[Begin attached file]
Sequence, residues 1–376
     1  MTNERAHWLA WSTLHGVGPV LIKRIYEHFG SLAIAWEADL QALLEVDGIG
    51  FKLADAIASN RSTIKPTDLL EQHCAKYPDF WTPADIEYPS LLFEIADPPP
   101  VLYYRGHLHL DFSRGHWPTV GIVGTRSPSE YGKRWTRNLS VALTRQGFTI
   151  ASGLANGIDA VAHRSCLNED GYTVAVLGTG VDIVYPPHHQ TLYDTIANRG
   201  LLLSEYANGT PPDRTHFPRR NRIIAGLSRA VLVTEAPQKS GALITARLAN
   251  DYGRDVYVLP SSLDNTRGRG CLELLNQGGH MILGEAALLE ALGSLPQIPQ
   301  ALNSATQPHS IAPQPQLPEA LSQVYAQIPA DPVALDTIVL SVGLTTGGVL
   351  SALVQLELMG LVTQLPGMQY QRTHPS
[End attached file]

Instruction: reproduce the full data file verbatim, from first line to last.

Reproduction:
Sequence, residues 1–376
     1  MTNERAHWLA WSTLHGVGPV LIKRIYEHFG SLAIAWEADL QALLEVDGIG
    51  FKLADAIASN RSTIKPTDLL EQHCAKYPDF WTPADIEYPS LLFEIADPPP
   101  VLYYRGHLHL DFSRGHWPTV GIVGTRSPSE YGKRWTRNLS VALTRQGFTI
   151  ASGLANGIDA VAHRSCLNED GYTVAVLGTG VDIVYPPHHQ TLYDTIANRG
   201  LLLSEYANGT PPDRTHFPRR NRIIAGLSRA VLVTEAPQKS GALITARLAN
   251  DYGRDVYVLP SSLDNTRGRG CLELLNQGGH MILGEAALLE ALGSLPQIPQ
   301  ALNSATQPHS IAPQPQLPEA LSQVYAQIPA DPVALDTIVL SVGLTTGGVL
   351  SALVQLELMG LVTQLPGMQY QRTHPS